The case of Ken Kratz, the “sexting” former Calumet County district attorney, suggests the state of Wisconsin needs to revamp its rules regarding the regulation of lawyers, especially those on the public payroll.
Stephanie Van Groll, a victim of domestic violence, blew the whistle on Kratz, deserves credit for standing up to his disgusting behavior. The events that ensued also shone a light on the Office of Lawyer Regulation, the Supreme Court’s agency that’s supposed to safeguard the public from bad lawyers.
Created in 2000 (after its predecessor agency was deemed ineffective), the OLR is charged with policing the state’s legal profession and investigating complaints against attorneys. If it finds a complaint to have merit, the office can either reach an agreement with the lawyer on an appropriate reprimand or ask the state Supreme Court to bring disciplinary action.
Problem is, unless and until a complaint is sent to the high court, the OLR acts in complete secrecy. As a result, the public has to settle for taking the office’s word that it’s doing its job responsibly.
Van Groll went to the local police after she received some 30 text messages from Kratz suggesting that the two have an affair. He sent the messages while prosecuting her former boyfriend for attempting to strangle her. After Attorney General J.B. Van Hollen was made aware of the case, he advised Kratz to report his behavior to the OLR.
Despite Kratz being the district attorney, with all the inherent powers that come with the office, the OLR took no action. An investigator said that while Kratz’s behavior may have been inappropriate, it didn’t rise to an ethical violation.
All the while, everything was legally done in secret. It was only after the Associated Press reported Van Groll’s allegations several months later that the public learned of the DA’s bizarre and, many would agree, reprehensible behavior. But for many people, OLR’s failure to act was equally repugnant.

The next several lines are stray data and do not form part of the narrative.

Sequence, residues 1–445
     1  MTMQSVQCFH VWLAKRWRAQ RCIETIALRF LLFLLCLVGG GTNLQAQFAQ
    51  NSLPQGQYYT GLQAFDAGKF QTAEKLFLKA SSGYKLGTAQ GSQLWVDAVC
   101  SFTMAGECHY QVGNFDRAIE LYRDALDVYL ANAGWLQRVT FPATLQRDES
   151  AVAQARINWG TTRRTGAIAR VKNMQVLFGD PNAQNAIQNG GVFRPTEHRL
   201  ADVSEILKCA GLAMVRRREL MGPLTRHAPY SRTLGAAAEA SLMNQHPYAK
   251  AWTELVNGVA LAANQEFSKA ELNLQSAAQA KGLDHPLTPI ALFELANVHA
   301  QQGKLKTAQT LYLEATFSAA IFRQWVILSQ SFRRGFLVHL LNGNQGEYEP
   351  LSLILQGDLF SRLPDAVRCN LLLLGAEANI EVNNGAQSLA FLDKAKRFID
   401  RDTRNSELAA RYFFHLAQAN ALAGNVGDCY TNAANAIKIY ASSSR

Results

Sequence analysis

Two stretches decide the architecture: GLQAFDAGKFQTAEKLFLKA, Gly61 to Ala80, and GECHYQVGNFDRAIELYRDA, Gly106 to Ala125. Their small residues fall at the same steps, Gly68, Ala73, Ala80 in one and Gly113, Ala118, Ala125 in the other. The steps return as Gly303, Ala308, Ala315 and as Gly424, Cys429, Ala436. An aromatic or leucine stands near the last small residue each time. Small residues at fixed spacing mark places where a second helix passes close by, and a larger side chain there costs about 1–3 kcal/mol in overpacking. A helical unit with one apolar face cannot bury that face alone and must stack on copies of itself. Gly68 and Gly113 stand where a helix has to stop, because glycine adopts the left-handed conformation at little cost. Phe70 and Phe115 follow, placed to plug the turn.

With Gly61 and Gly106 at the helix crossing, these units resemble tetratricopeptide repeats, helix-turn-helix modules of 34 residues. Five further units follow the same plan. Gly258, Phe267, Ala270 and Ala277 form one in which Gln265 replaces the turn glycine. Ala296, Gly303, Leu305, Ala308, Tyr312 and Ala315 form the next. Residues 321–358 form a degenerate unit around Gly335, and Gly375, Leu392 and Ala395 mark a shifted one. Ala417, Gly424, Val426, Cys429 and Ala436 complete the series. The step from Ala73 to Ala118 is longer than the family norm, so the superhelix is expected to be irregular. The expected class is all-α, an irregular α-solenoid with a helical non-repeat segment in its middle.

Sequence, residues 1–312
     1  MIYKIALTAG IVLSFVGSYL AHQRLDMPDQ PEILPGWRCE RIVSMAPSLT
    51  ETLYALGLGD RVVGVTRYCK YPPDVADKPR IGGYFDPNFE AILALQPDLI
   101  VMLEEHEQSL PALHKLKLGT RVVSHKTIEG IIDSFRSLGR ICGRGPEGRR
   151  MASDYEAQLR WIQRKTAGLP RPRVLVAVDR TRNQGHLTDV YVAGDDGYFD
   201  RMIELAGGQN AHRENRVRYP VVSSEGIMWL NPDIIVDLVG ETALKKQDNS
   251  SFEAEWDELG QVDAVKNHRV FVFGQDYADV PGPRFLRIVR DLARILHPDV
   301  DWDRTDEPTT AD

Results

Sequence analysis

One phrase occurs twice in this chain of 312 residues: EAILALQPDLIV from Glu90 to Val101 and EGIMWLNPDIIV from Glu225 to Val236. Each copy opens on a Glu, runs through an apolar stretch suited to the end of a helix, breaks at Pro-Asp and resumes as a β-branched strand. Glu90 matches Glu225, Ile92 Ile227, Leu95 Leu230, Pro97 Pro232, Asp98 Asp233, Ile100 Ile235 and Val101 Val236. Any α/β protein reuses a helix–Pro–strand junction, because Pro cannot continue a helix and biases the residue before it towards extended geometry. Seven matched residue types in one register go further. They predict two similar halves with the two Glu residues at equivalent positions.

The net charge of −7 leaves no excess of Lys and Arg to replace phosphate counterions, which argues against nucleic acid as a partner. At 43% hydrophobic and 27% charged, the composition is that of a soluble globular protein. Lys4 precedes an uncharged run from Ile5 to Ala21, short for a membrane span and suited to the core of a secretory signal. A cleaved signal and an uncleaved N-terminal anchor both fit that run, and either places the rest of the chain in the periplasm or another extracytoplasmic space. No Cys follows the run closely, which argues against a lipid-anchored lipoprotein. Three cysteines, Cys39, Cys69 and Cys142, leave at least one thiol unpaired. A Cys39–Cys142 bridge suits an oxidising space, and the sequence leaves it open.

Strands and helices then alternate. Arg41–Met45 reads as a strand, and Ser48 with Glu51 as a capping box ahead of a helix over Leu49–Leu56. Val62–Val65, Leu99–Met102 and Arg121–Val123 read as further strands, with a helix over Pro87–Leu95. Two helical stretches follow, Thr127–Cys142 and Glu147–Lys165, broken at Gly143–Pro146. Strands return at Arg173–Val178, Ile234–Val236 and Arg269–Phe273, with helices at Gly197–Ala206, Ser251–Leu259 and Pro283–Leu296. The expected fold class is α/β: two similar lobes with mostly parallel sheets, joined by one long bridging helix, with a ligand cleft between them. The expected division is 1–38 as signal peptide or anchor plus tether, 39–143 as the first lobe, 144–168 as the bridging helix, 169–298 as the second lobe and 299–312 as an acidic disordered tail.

Lawyers are one of the few professionals in Wisconsin who are shielded from public disclosure when complaints are made against them. The public can check state records for complaints against everyone from plumbers to doctors, car dealers to real estate agents.
The theory behind the secrecy is that an embittered client might file a phony complaint out of spite, tarnishing the lawyer’s reputation and permanently damaging his business. Apparently, in the case of attorneys, the public can’t be trusted to grasp the nuances of a frivolous case, even after it’s dismissed. Therefore, when it created the OLR, the Supreme Court decided that a complaint would be made public only when an investigation showed it has enough merit to reach the court.
That means there may be lawyers practicing today with a string of “minor” complaints against them, complaints that didn’t reach the OLR’s threshold and are, therefore, cloaked in secrecy.
It also means that the OLR is shielded from any public oversight on how well it is doing its job. It’s fair to say the office’s conduct in the Kratz case brings this into question.
At the very least, complaints against publicly employed lawyers — district attorneys, city attorneys, county corporation counsels, assistant attorneys general, to name a few — ought to be open and available to the public. It’s highly unlikely their income would suffer from a spiteful complaint, and the public ought to be able to keep tabs on the performance of the lawyers on the public payroll.
Right now, it can’t do that. The Ken Kratz case is exhibit number one why secrecy in government harms the public’s interest.